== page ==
Friday, May 27, 2011

Growing Berries and Cultivating Abundant Relationships

A fine drizzly rain was falling this morning when a neighbor couple came over to help me dig a dozen raspberry canes out of our garden.  Our raspberry patch started with only five canes a few years ago and they are now uncountable.  They propagated quickly through our sandy soil covered with a thick layer of mulch I'd obtained by flagging down a truck filled with wood chips after utility contractors came through to clear tree limbs from the power lines.

This is it; this is how the Green Hand Initiative works for me.  When the couple arrived they saw the results I’d obtained with the raspberry plants, and how the free mulch had encouraged their abundant multiplication.  They also got a lot of strong plant stock for free, and I shared information on how to transplant them and what to expect when moving the canes after they had already leafed out.  Plus, they had a up-close view of how I garden generally, and I cut them a couple heads of lettuce.  We probably have more than we can eat this spring.

For me, the first practical benefit was that removing the raspberry plants cleared a pathway connecting two garden sections that had gotten nearly impassable because of the thorny canes.  As a side effect, I’m also willing to guess that through this interaction also I earned some gardening “garden cred” (“street cred” hardly makes sense in this context), and my experience is that this often leads to some paid gardening work, which can be very satisfying.  Plus, later this summer when the strawberries take a turn expressing their overspreading exuberance, maybe I’ll have some folks to whom I will be able to give them so I won’t have to fill a wheelbarrow and compost viable plants just to keep the size of the strawberry patch in check, as I did a couple years ago.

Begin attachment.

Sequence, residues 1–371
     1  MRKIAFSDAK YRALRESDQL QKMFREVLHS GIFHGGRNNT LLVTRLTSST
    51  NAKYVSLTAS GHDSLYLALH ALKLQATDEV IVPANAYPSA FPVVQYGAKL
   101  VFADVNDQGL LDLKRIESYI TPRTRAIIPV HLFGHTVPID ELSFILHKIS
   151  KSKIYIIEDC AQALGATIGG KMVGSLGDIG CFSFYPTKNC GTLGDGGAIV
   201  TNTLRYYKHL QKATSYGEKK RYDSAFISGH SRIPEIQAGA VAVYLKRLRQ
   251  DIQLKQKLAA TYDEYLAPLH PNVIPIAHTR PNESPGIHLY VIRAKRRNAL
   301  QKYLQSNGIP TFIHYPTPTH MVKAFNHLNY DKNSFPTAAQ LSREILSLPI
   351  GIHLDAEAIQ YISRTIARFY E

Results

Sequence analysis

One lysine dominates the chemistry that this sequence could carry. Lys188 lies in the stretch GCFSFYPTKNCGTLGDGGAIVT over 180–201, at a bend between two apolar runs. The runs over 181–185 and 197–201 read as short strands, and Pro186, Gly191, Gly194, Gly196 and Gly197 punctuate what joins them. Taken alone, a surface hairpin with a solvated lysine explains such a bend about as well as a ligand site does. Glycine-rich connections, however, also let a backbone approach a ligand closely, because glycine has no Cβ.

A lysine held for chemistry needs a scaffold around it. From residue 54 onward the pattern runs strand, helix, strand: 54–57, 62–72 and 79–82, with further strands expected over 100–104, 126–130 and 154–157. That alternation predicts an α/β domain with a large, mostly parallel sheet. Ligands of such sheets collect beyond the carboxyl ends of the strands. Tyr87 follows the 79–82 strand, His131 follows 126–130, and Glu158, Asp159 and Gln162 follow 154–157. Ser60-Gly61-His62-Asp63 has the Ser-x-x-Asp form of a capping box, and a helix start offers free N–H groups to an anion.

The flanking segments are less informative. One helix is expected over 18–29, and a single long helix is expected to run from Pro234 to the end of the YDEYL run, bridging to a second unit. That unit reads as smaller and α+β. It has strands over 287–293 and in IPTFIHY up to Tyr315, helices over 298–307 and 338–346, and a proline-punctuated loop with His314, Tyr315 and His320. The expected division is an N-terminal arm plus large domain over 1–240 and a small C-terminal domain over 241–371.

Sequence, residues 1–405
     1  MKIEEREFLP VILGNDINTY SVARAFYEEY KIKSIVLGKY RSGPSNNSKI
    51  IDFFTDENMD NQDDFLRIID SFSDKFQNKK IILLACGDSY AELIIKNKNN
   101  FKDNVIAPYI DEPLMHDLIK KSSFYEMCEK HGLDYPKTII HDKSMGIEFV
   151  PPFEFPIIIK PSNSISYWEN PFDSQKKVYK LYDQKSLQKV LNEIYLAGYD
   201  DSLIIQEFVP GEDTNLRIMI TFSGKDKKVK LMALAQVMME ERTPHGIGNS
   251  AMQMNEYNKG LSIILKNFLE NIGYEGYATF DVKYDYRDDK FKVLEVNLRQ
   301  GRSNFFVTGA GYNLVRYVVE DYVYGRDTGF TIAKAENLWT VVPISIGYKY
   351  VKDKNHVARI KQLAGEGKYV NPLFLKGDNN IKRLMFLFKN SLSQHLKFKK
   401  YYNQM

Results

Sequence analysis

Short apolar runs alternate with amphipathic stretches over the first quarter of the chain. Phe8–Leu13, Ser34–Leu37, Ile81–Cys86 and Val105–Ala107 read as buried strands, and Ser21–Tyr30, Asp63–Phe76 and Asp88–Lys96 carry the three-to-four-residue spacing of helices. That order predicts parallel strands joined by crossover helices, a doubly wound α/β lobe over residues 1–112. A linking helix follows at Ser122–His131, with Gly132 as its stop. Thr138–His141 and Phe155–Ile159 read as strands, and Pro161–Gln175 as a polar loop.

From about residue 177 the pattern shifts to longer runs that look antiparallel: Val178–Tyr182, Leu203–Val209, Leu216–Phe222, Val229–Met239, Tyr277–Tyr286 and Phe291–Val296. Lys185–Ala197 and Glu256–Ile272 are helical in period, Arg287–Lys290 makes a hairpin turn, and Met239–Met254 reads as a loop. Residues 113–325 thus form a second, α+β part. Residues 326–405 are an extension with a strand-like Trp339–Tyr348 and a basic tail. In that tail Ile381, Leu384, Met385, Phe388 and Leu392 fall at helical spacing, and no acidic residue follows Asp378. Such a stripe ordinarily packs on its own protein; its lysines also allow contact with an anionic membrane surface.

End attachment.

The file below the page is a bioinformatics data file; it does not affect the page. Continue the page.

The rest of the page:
A deeper, systemic benefit to me is that now I have neighbors with more food production going on in their yards.  Personally, I would rather not be the only one around here growing food.  The more growers, the better. 

There are a number of clear benefits of living in a community of growers rather than as a lone nut devoted to helping the planet to transform dirt and waste into food.  What I’ve found over the years is that the most successful gardeners are those who cultivate their human relationships with the same enthusiasm that they cultivate their plants.  The way botanical abundance keeps expanding, it takes an expanding network just to keep up with it!  By building a gardening network, I’ve both given and received many new plants, and had plenty of enjoyable interactions such as this morning’s misty homage to the raspberry . . . and indeed it was a great day for transplanting here.  If you’re going to have the audacity to move bareroot plants in full leaf, conditions could not have been better than the misty drizzle alternating with downpours we had in SE Michigan today.

But finally, and probably most importantly, there was a wonderful feeling of shared gratitude in the whole interaction, and I could feel added depth in the relationship I already had with this couple.  Such sweetness!